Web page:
What it is?-Psychotherapy (aka counseling or talk therapy)is the process of helping people struggling with day to day, situational and psychological problems. In psychotherapy, a trained helper (i.e. psychologist, counselor, social worker, psychiatrist, marriage and family therapist) helps an individual, group, couple or family to: Read more

Curious about psychotherapy? Let us know what you want to know!


Essence Psychological Health Services will be launching a 5-day blog series about Psychotherapy. The series will address psychotherapy, what it is, what it isn’t, and how it can help. We hope that the series will your address questions, debunk myths, and demystify the practice of psychotherapy.

If you have and questions about psychotherapy, we’d love to hear them. Post your question in the comment section below (or email your questions to info@epsychhealth.com) and stay tuned for our 5-day series entitled Psychotherapy 101: Understanding Psychotherapy and how it can help, coming this week.


Living Your Best Life NOW

Best Life Now

Are you living the life you want, NOW? Not tomorrow, not next week, but NOW is the time to live the life that you want. Too many people put off the life that they want until…the money is right, the kids are grown, they have the right people in their corner, the list can go on and on. But tomorrow may never come, the conditions may never be perfect. So start now! Just a few simple steps today and can get you on the path to your Best Life and a happier, healthier you!
Steps to Living Your Best Life NOW!
1. Recognize that your life does not start tomorrow (or next week, next year, or when this or that happens).

2. Figure out what you want. If you woke up tomorrow, with nothing standing between you and your Best Life, what would your life be like? What would be different? What would be same? How would you be different? Once you have a picture of your Best Life in your head, journal about it, write a song about it, draw a picture of it, create a vision board; whatever you need to do to get your vision of your life from your head on to a tangible object will bring you one step closer to living out your best life.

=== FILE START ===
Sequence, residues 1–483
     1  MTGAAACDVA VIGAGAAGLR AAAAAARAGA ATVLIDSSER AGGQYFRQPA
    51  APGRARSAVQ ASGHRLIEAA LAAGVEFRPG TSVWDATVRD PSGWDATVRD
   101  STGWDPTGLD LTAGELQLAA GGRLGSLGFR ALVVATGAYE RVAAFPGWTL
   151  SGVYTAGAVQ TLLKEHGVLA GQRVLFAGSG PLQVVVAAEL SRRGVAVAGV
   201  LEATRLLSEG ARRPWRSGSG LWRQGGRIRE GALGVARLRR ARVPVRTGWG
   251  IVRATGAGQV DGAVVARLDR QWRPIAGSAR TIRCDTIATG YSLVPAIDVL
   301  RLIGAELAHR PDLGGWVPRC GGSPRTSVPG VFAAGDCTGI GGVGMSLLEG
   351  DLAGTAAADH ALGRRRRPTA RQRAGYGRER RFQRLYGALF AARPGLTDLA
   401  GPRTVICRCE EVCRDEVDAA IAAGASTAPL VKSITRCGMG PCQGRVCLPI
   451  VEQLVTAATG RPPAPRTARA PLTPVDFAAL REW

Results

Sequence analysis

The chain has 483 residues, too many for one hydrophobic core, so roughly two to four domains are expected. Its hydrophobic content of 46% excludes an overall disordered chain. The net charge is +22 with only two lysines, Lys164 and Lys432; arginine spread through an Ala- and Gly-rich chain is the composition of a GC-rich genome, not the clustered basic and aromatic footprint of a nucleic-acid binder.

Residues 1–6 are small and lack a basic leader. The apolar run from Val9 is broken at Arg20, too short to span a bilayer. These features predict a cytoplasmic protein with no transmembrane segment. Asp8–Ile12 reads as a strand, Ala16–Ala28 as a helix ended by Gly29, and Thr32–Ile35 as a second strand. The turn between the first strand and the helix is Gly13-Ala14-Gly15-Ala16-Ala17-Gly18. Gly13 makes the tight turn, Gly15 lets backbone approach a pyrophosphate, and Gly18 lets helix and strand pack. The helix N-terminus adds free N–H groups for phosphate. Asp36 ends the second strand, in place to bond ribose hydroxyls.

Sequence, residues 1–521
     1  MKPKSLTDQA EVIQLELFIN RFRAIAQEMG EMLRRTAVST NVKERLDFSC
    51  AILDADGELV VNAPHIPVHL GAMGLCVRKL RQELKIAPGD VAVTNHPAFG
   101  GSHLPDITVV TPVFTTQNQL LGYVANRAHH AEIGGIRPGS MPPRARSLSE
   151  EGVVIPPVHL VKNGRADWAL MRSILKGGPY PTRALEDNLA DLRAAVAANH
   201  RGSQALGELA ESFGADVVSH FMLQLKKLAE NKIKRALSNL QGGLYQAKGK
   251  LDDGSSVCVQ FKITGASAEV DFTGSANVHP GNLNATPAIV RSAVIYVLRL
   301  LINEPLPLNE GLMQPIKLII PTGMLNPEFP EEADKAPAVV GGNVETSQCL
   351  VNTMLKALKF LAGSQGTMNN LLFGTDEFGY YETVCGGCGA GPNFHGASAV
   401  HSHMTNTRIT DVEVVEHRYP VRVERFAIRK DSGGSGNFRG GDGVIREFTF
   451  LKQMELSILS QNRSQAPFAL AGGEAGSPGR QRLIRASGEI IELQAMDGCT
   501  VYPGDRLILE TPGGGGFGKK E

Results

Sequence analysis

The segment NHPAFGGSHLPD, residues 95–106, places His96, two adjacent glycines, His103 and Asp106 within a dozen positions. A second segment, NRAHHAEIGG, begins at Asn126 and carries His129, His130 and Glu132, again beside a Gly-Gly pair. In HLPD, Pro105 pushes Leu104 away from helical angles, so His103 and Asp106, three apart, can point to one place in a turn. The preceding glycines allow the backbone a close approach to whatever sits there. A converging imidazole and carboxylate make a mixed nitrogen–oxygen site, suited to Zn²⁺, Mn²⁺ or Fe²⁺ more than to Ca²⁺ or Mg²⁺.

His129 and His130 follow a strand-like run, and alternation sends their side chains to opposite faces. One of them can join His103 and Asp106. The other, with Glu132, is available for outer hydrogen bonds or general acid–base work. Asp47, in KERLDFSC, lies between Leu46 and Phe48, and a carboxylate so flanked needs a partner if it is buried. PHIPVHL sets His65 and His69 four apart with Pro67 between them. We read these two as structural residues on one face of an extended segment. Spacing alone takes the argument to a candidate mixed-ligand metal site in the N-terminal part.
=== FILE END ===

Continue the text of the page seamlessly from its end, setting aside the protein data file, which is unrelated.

3. Identify the necessary steps it will take you to have the life you want. What simple, measurable, achievable and realistic timely steps can you take to actively move toward the life you want?

4. Identify some anchors of support that you can lean on when you get stuck, discouraged or off your path. These anchors can be loved ones, religious/spiritual texts, or works of art. Anything that grounds you in your purpose and reminds you of the importance of your working toward your Best Life.

All the best to you on your journey,

Dr. Burton


Lady Boss Blues

Being the boss can add to depression in women.

Power can be a downer for women in the workplace, but men tend to feel happier when they’re in charge, claims a study released Thursday. Women with the ability to hire, fire and influence pay seem more prone to depression symptoms — and their mood drops aren’t fueled by male-female salary disparities, researchers found.

“Women in authority positions are evaluated more stringently compared to women without job authority and male co-workers. Higher-status women are often exposed to overt and subtle gender discrimination and harassment. This contributes to chronic stress,” said Tetyana Pudrovska, lead author and an assistant sociology professor University of Texas.


The most depressed group? Women ages 40 to 59. More than 12 percent of women that age say they’re depressed.

Contact Dr. Burton